America should be demanding answers, not retreating.

May 29, 2020
By Will Hurd

Originally published in the New York Times on May 29, 2020.

President Trump’s recent decision to terminate America’s role in the World Health Organization will have devastating effects on global health, and it will benefit the Chinese Communist Party. Throughout the Covid-19 crisis, the C.C.P. has pursued an aggressive messaging and disinformation campaign with twin goals: to restore its own image after a botched response to the pandemic and to sow discord among European nations about American commitment abroad. Moreover, leaving the W.H.O. sends the message that the world cannot count on the United States.

During this pandemic, the leaders of the W.H.O. have made questionable decisions, especially toward the C.C.P., but the organization still serves a critical role in striving to keep our world healthy. We can disagree with the leadership of an organization while supporting their mission. International coalitions are essential to fighting global challenges; we should be strengthening our alliances, not dismantling them.

The W.H.O. has helped with the eradication of diseases like smallpox and addresses threats to human life like AIDS, malaria and tuberculosis. Without American leadership at the W.H.O., it will be more difficult to coordinate efforts to prevent the spread of diseases and illnesses across the globe. We must fix the organization so that it can continue its work.

Viruses do not respect borders and because of China’s slow reaction to Covid-19, it spread. The W.H.O. repeatedly stood by as the Chinese government made several damaging decisions. The C.C.P. hid the virus from the rest of the world for over a month; prevented virus samples from reaching researchers; detained doctors in China who tried to slow the spread of the virus; and has used blatant racism against African nationals in China.

Throughout this pandemic, the C.C.P. has allowed its individual, self-centered view of the world to dictate its every action — while the rest of the world grapples with the related economic crisis. The Chinese government deliberately sought to limit access to samples of the virus. It falsified information about the total number of cases. And it spread misinformation globally that harmed others to improve its own image.

These concerns are shared by our allies. I know this because in an attempt to gain clarity on the W.H.O.’s role in these issues, I wrote letters to every country with which the U.S. has diplomatic relations, asking fellow member nations to seek responses from W.H.O. leadership to several important questions that have yet to be answered. I had hoped that answers to these basic questions could restore the trust that was lost in the W.H.O. leadership in the early stages of the pandemic.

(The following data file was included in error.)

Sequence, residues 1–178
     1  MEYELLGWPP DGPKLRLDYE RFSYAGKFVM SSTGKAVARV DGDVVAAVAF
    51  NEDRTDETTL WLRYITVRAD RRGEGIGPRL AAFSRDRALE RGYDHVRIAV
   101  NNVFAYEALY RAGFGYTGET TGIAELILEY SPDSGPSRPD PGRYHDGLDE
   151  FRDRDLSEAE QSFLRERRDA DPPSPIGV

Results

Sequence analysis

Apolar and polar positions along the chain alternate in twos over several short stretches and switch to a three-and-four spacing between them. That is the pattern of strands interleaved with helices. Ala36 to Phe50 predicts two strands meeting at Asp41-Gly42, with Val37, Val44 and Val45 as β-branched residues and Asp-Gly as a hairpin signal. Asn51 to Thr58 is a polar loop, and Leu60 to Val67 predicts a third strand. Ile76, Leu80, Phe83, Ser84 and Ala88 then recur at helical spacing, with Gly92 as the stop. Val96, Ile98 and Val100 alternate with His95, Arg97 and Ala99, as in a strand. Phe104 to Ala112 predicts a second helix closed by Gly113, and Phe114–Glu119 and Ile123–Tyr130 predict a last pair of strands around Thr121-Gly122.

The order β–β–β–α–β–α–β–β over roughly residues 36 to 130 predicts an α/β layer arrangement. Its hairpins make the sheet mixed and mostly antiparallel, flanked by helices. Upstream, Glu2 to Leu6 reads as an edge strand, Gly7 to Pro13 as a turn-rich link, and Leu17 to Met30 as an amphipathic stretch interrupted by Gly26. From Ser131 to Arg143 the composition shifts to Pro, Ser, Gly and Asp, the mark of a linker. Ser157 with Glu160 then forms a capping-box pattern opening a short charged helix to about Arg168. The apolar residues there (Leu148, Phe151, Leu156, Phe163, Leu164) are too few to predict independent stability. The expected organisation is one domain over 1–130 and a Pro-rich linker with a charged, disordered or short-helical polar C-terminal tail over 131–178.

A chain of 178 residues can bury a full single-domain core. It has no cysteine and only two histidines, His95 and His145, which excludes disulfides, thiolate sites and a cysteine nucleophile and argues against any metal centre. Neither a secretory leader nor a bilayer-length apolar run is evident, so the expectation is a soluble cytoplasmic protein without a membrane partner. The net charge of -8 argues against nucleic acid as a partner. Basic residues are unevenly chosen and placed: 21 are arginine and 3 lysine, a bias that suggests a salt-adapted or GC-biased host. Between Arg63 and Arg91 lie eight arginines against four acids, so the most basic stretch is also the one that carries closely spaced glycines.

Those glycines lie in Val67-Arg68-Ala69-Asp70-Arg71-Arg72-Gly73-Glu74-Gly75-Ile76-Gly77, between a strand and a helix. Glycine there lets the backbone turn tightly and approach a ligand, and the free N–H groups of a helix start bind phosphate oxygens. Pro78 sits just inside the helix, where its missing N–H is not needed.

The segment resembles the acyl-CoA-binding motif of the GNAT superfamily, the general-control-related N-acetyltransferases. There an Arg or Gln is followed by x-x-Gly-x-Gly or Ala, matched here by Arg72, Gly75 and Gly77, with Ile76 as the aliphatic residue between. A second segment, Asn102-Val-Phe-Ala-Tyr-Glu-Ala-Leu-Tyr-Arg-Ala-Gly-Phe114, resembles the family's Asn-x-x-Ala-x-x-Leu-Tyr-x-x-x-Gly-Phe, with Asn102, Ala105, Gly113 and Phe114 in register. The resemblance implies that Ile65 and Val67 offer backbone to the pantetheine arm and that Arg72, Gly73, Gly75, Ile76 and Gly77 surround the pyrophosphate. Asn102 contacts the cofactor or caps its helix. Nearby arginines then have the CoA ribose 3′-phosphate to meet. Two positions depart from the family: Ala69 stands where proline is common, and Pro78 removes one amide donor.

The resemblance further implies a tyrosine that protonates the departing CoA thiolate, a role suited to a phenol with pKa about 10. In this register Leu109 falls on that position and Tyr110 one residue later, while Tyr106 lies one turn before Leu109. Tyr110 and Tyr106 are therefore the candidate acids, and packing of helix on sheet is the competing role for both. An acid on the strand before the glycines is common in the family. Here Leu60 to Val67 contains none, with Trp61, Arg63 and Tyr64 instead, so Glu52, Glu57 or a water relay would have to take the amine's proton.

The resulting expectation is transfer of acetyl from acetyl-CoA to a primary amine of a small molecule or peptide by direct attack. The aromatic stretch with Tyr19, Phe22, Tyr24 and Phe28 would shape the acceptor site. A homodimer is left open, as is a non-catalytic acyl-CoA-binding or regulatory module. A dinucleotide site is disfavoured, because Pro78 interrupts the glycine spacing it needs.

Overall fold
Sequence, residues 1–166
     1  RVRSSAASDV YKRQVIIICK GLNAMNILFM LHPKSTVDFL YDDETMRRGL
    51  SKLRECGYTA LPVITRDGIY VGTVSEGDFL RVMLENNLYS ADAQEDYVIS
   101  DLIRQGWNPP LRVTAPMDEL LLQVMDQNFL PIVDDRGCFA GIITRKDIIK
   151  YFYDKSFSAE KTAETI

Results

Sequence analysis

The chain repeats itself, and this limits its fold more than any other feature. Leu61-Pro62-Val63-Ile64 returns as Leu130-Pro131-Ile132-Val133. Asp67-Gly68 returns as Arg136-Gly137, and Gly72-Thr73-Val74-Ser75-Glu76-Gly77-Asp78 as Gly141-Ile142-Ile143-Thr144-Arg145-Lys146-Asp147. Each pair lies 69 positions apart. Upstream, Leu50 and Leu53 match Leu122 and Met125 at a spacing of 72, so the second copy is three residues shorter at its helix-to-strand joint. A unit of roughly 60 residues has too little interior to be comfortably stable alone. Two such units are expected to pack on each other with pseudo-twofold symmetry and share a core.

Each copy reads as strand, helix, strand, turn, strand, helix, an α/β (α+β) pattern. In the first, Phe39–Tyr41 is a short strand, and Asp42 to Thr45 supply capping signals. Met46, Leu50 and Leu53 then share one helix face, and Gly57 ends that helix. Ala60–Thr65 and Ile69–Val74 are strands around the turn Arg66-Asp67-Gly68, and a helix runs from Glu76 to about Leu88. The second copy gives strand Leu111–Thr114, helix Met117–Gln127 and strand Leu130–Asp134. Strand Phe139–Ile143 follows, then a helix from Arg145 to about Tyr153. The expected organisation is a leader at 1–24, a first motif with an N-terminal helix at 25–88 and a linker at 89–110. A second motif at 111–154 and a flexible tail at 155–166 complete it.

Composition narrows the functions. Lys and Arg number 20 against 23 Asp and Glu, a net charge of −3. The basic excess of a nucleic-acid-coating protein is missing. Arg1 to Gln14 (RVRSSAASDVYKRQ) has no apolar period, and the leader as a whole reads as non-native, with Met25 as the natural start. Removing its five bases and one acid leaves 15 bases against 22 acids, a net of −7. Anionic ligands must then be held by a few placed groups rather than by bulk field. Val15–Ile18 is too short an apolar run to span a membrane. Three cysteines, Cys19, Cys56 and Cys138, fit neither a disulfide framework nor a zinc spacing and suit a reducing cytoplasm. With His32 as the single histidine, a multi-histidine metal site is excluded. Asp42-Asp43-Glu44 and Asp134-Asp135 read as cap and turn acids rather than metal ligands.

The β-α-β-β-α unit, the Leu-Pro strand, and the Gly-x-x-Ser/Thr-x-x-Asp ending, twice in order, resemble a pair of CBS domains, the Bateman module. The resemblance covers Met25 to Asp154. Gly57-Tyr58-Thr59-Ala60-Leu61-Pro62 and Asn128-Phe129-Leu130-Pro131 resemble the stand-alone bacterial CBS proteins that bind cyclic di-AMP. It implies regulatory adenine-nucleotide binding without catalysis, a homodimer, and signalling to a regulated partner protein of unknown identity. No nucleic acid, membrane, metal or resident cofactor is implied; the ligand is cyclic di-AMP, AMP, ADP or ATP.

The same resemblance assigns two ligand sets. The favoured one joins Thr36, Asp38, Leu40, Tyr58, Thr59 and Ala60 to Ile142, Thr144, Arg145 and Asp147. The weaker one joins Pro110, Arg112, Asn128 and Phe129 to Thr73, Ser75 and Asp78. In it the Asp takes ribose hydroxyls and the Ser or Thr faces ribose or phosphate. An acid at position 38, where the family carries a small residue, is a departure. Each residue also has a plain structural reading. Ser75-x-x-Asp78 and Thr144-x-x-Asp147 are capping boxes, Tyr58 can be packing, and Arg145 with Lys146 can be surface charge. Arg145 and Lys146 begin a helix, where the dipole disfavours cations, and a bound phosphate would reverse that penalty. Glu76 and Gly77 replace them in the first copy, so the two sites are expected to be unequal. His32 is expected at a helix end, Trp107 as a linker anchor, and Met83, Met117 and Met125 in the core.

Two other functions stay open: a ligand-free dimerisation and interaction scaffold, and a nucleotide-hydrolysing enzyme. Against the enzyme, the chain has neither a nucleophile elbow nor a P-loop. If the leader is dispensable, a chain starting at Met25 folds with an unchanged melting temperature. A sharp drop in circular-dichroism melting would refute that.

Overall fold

Some of my questions were: Why did the W.H.O.’s leadership fail to acknowledge that the Chinese government has refused repeated W.H.O. requests, as early as February of this year, to have access to viral samples, clinical specimens and other pertinent information? Was the W.H.O. pressured by the Chinese government to delay declaring Covid-19 a pandemic? Why did W.HO.’s leadership not publicly acknowledge that the Chinese government is censoring its own research of Covid-19, silencing medical researchers and doctors?

Responses have come from all corners of the globe — from Hungary to East Timor to Thailand, with many echoing our concerns. Some countries, like Australia, said they share concerns across three key areas: the timing in declaring the Public Health Emergency of International Concern; the W.H.O.’s criticism of countries, such as the U.S. and Australia, that adopted early travel restrictions; and the need for the W.H.O. (and other relevant United Nations agencies) to take stronger stances on regulating wildlife wet markets across the globe. Overall, ambassadors have made it clear their nations agree with us and are concerned. We have yet to hear from any country that denies these issues outrightly.

It’s possible that the W.H.O. has been pressuring the Chinese party for months to provide virus samples to the rest of the world. But we don’t know that, and so it looks like an organization we fund, support and need has been failing us.

By no means is the W.H.O. involved in all of China’s bad deeds during this crisis, but I do believe it needs to come clean on its decisions that seem to align with the goals of Chinese leadership. We should be countering China’s rise and holding it accountable — not funding the C.C.P.’s goals. Other countries share these concerns.

The United States, as a member organization of the W.H.O., has paid the organization more than $400 million in mandatory dues this year and we deserve answers. Our allies also want answers and to get them we need to show global leadership and work with like-minded nations, not take our ball and go home.

This pandemic has caused damage globally but the world will recover. Contained in my correspondence with foreign leaders, there’s international unity behind holding the W.H.O. accountable and improving it so that it’s more effective in the next major public health crisis. President Trump should take this into account and change his position on America’s role in the W.H.O.